It was a trip to photograph fall colors at Beavers Bend State Resort Park in southeast Oklahoma. Unfortunately we missed the peak colors by a week or two. So what is a photographer to do? Get up early and hope for good sunrise pictures. Sometimes you get real lucky, like the shot above taken on a cloudy morning as the clouds cast a blue hue across the lake.
We were part of the Plano Photography Club leaf peeking outing. While we missed the peak fall display of colors, there were still some pretty shots. And exploring the park was great fun.
Beavers Bend is located about 175 miles from North Texas, and makes for a wonderful weekend getaway. We stayed at the Lakeview Lodge on the north side of the lake. For campers there are over a hundred RV sites in the park, and nearly 400 tent camping sites. There are also 47 cabins, which book up quickly, and reservations can be made a year in advance.
There are more than a dozen hiking trails located in the Beavers Bend Park, and the adjacent Hochatown State Park. Fishing is popular in numerous streams and from bridges along the lake. Rainbow and brown trout are stocked periodically. There are strictly enforced regulations on the number of fish you can take, and the kind of hooks that are allowed. The rules vary by zones within the park, so it is best to check the park’s website for details.
The park is located six miles north of Broken Bow, just off highway 259. The main loop through the park is on 259A.
There are hotels, lodges and restaurants located along 259 in Hochatown, right at the park entrances. We had a group dinner at Abendigo’s restaurant on the north end of the park. It has a wide, varied menu and both the food and service were excellent. The next night we had pizza at the Grateful Head, which is also located on the park’s north side. For breakfast we recommend the diminutive Stevens Gap restaurant, which isn’t much to look at from the highway, but the food is great. They also have fresh made pies, which are perfect for an afternoon snack.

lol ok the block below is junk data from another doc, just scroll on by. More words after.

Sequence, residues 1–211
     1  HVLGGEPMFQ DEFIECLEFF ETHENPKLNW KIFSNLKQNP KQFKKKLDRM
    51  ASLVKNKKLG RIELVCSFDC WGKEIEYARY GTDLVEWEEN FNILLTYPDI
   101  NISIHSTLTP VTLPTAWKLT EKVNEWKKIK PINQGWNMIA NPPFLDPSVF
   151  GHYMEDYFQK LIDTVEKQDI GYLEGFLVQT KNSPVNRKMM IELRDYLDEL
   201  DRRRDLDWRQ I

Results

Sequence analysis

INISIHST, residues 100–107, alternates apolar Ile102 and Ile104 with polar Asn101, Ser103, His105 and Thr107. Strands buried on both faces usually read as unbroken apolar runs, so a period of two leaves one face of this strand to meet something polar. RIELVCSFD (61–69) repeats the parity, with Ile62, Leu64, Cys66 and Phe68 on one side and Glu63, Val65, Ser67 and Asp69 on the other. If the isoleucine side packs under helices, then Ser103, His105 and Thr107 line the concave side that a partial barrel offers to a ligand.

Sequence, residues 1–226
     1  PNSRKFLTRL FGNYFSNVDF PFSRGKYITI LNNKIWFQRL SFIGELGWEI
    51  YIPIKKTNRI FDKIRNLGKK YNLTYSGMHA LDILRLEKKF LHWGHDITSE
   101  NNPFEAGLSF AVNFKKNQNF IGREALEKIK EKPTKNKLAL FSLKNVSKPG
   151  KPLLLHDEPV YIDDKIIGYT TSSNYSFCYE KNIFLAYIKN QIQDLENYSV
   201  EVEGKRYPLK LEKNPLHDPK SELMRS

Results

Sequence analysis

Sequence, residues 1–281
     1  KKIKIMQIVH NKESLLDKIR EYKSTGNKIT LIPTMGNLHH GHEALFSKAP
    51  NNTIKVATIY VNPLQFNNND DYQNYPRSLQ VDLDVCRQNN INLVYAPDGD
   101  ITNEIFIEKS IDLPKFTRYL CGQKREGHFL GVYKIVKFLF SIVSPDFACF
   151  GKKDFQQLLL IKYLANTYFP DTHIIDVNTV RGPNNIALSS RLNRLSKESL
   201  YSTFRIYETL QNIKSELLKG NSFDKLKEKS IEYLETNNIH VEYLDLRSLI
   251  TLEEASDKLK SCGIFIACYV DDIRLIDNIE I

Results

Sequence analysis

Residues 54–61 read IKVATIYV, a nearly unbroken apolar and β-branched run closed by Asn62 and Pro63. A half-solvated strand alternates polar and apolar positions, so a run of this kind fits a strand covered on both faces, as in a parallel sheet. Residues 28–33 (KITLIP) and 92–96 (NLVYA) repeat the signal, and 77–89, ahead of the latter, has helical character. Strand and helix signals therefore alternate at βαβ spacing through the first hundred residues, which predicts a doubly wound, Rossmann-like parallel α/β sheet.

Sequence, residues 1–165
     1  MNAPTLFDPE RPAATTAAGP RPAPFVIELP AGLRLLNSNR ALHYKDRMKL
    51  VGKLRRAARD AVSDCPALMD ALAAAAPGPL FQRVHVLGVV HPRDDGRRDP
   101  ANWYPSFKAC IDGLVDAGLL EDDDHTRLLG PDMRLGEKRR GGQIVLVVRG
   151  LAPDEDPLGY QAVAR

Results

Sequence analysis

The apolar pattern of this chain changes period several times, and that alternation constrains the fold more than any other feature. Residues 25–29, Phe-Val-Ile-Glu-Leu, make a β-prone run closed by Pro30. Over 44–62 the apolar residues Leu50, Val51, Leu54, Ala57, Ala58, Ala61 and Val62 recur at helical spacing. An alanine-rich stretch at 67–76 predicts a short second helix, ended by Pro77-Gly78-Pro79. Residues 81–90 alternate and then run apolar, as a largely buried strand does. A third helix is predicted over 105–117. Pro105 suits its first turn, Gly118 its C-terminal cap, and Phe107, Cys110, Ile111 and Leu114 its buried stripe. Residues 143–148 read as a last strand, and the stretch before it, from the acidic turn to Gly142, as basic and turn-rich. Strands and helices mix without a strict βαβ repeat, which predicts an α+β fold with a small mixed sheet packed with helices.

While we stayed at the lodge this trip, normally we are tent campers. There are primitive sites with water and restrooms nearby. They are heavily treed and have parking, so you don’t have to lug your camping gear very far. In the developed campgrounds there are sites with water and electric, suitable for tents or RV’s. All of the camping areas we saw are heavily wooded and shaded, making them comfortable even in the hot summer months.
There is also an 18-hole golf course located in the park, and tennis courts.
The peak seasons for Beavers Bend Park run from March to November. Holidays, including Thanksgiving, are crowded. If you want to book a cabin, it is best to make your reservations as far ahead as possible.
I highly recommend Beavers Bend. It’s close by, has lots of back to nature experiences, and won’t break your budget. For more on that area of Oklahoma, visit the McCurtain County tourist info website.